Back when I was much younger, I was very impressed by works of American gloom and doom. One of my earliest memories of National Review was a late-1960s article drawing earnest attention to the similarities between America (of that time) and Weimar Germany. I still have Charlotte Twight's America's Emerging Fascist Economy (1975) on my bookshelf; also present is The Ominious Parallels by Leonard Peikoff (1982); Lost Rights by James Bovard (1995);… well, you get the idea. I also devoured a number of how-to-survive-economic-doomsday tomes, of which there were piles in the 70s.
You'll note that we're still here. Bad as things can get, and have been, it's far from Nazi/Commie totalitarianism presiding over an economic system in rubble.
So I've learned to be skeptical of that general genre. And I hadn't read any good catastrophe-around-the-corner books recently. Until now: this one, by Joel Kotkin is pretty good. Particularly impressive is the "Notes" section, 91 pages out of a 273-page book. For those keeping score: exactly a third of the book is footnotes.
Kotkin's neo-feudalism thesis is wide-ranging and alarming. Basically: things have been getting worse for ordinary working/middle-class schmoes. And they're probably going to continue to get worse. Not just in ordinary economic terms, but in cultural trends too. He notes that the well-off are pulling away from the rest of us in every sense, and they have the political and economic power to (excuse me while I go into Sanders/Warren mode) "rig the system" to ensure that those trends continue.
Also: not just America. It's a worldwide phenomenon.
In support of this thesis, Kotkin draws on (I swear) every last bit of recent gloomy news/analysis/data from anyone and everyone, left and right. Robert Reich and Charles Murray! Glenn Reynolds and Bernie Sanders!
A lot of stuff I agree with. A lot of stuff I don't. Good news first: Kotkin is appropriately brutal about Progressive schemes like the "Green New Deal", designed by (and for) the folks who wing off to Davos on their private jets to come up with schemes to raise the price of energy and products that depend on energy use (I.e., everything else). He notes the unaffordability of housing has all sorts of bad effects, most notably on class mobility and family stability. It's not crazy to worry about the issues Kotkin highlights. Charles Murray has pointed to many of the same issues in books like Coming Apart.
But on to the bad: Kotkin can come off as a neo-Luddite. He points with alarm to "our dependency on machine interfaces, as opposed to genuine human interactions." My eyes roll, and imagine an early-20th century version of Kotkin griping about our growing dependency on those new-fangled automobiles, as opposed to having a more natural organic relationship with horses.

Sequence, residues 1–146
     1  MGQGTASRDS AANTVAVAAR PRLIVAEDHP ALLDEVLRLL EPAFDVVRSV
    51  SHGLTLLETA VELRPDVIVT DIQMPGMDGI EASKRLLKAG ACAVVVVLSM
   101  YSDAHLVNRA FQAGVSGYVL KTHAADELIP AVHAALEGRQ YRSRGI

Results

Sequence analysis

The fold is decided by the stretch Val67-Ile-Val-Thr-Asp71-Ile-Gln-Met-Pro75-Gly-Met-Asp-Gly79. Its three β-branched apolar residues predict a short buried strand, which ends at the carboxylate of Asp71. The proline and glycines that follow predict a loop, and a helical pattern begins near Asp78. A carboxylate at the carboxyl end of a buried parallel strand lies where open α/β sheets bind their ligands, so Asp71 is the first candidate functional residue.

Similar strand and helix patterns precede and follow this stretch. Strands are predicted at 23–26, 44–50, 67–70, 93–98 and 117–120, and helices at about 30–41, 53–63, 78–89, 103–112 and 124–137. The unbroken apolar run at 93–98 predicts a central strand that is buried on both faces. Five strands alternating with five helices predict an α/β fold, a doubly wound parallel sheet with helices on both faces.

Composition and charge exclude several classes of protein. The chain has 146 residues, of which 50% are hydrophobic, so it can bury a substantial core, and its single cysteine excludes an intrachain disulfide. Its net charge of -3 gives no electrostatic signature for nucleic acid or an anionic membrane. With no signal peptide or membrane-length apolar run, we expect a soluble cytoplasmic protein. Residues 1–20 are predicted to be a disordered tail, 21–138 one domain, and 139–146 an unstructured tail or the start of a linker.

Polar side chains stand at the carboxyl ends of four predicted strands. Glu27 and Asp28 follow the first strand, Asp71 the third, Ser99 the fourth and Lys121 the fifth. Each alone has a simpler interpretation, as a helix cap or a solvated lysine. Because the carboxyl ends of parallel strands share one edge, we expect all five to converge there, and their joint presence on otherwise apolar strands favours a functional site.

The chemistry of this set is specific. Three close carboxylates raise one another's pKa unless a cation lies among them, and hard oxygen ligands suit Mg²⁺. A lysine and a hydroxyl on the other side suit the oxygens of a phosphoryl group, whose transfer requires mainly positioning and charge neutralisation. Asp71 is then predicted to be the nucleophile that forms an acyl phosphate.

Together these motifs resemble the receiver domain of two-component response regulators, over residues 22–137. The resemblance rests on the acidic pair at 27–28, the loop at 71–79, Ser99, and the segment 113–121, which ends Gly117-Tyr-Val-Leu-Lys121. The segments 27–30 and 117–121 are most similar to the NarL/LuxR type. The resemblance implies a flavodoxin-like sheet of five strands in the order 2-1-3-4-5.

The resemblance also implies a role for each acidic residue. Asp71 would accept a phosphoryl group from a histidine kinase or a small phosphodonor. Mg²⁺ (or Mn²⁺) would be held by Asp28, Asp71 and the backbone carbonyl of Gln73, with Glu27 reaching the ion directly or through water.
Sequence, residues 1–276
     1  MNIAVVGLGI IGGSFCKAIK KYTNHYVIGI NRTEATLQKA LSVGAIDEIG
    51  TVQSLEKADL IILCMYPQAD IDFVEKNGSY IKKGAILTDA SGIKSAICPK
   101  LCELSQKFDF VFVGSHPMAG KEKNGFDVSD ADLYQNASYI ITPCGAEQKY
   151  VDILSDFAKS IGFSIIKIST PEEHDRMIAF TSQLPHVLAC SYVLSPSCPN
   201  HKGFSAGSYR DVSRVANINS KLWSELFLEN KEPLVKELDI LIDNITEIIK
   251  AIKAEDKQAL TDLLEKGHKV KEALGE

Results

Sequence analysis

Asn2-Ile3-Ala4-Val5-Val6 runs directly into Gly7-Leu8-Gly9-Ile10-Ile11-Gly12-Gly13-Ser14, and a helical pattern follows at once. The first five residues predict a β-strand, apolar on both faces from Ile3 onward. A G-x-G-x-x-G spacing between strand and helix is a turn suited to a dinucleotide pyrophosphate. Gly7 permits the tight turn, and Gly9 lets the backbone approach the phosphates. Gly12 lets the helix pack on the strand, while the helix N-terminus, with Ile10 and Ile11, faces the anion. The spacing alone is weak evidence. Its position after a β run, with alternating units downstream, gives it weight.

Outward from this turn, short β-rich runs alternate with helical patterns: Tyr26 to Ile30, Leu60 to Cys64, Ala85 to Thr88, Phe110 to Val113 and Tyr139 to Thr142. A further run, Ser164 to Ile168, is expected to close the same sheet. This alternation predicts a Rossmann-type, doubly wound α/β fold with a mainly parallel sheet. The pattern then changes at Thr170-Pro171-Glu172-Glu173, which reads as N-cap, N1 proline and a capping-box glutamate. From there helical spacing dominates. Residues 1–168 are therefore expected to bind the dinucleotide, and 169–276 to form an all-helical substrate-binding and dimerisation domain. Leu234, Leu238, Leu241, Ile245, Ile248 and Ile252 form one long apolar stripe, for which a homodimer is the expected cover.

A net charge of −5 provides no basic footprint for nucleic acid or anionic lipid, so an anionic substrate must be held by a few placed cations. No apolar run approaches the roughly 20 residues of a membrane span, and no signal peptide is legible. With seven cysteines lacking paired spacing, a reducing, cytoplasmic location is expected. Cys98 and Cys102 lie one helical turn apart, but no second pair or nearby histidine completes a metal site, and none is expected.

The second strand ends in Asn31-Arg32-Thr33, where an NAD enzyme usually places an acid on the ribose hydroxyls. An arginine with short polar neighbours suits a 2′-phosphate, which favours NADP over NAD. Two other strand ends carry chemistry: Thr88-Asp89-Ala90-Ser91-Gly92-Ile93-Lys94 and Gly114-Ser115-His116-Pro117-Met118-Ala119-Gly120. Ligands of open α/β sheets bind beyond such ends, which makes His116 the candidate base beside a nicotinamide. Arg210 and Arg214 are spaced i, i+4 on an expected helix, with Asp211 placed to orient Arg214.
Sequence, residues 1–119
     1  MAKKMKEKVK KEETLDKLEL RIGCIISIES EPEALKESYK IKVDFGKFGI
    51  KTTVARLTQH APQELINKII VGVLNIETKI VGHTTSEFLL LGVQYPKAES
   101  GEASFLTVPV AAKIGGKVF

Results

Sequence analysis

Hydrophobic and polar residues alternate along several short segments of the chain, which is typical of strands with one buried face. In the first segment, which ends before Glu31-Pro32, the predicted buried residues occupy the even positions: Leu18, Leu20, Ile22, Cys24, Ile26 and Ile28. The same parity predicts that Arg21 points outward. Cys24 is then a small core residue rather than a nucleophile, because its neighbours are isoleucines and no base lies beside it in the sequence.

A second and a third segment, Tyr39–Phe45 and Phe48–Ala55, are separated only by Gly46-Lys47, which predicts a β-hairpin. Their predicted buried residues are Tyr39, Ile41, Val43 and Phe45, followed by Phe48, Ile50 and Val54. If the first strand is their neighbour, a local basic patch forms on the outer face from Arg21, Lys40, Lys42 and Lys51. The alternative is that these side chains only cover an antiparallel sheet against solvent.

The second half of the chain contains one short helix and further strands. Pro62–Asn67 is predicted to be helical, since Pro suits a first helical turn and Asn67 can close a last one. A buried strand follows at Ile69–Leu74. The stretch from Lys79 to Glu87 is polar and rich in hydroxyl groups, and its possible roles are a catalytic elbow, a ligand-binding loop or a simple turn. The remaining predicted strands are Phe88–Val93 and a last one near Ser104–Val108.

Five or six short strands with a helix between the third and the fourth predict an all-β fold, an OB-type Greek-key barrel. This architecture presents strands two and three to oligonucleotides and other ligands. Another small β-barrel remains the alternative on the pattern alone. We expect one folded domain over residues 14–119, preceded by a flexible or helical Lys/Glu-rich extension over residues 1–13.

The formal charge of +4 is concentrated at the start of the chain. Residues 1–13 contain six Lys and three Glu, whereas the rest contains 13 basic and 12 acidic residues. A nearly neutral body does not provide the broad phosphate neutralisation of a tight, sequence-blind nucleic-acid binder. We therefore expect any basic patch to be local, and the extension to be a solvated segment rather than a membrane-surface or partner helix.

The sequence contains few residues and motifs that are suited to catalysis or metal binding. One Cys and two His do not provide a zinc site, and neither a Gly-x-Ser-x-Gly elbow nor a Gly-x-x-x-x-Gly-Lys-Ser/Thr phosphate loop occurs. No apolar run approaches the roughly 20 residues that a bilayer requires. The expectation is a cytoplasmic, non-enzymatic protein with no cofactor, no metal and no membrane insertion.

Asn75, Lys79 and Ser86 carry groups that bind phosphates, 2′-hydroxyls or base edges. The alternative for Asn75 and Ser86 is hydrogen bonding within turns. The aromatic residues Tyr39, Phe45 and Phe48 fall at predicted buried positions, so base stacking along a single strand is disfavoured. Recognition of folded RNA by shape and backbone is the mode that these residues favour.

There's a lot of loaded language. The bad guys in Kotkin's eyes: the "elites"; the "clerisy"; the "oligarchs". (No kulaks, though. That's good.)
I wish he'd provided a more balanced economic picture. Last year I read The American Dream Is Not Dead by Michael R. Strain. Which is a much more nuanced and quantitative look at the American situation, in contrast to Kotkin's doom-and-gloom approach. And ultimately more convincing.
I mentioned those voluminous notes. I chased down one, and the results were not encouraging. Page 122:
Some conservative intellectuals have even thought that hardworking [immigrant] newcomers should replace the "lazy" elements of the working class.
The footnote goes to a 2017 Daily Caller article: Bill Kristol Says ‘Lazy’ White Working Class Should Be Replaced By ‘New Americans’.
So we note right away that what Kotkin calls "some conservative intellectuals" really means "Bill Kristol". The reference is to an AEI discussion between Kristol and (again) Charles Murray. (Video at the link, the relevant bits are about 50 minutes in.)
“You can make a case that America has been great because every — I think John Adams said this — basically if you are in free society, a capitalist society, after two or three generations of hard work everyone becomes kind of decadent, lazy, spoiled — whatever,” Kristol said.
“Then, luckily, you have these waves of people coming in from Italy, Ireland, Russia, and now Mexico, who really want to work hard and really want to succeed and really want their kids to live better lives than them and aren’t sort of clipping coupons or hoping that they can hang on and meanwhile grew up as spoiled kids and so forth. In that respect, I don’t know how this moment is that different from the early 20th century,” he added.
It should be noted that Kristol's comments were (1) kind of a pushback against Murray's mild desire to limit low-skilled immigration; and (2) an argument that third-generation native populations lack desire for low-skilled work. I don't know if that's true, but it's arguable. I see it mostly as an argument that their ancestors have handed them down enough capital so they don't have to dig ditches.
Overall, Kotkin is weak on answering Sowell's primary question: Compared to what? Yes, a dynamic, innovative society will have its problems. They will be made worse by trying to stifle that dynamism.
But who knows? After decades of books missing the mark on the coming dystopian nightmare, this one could be correct. Never hurts to be prepared.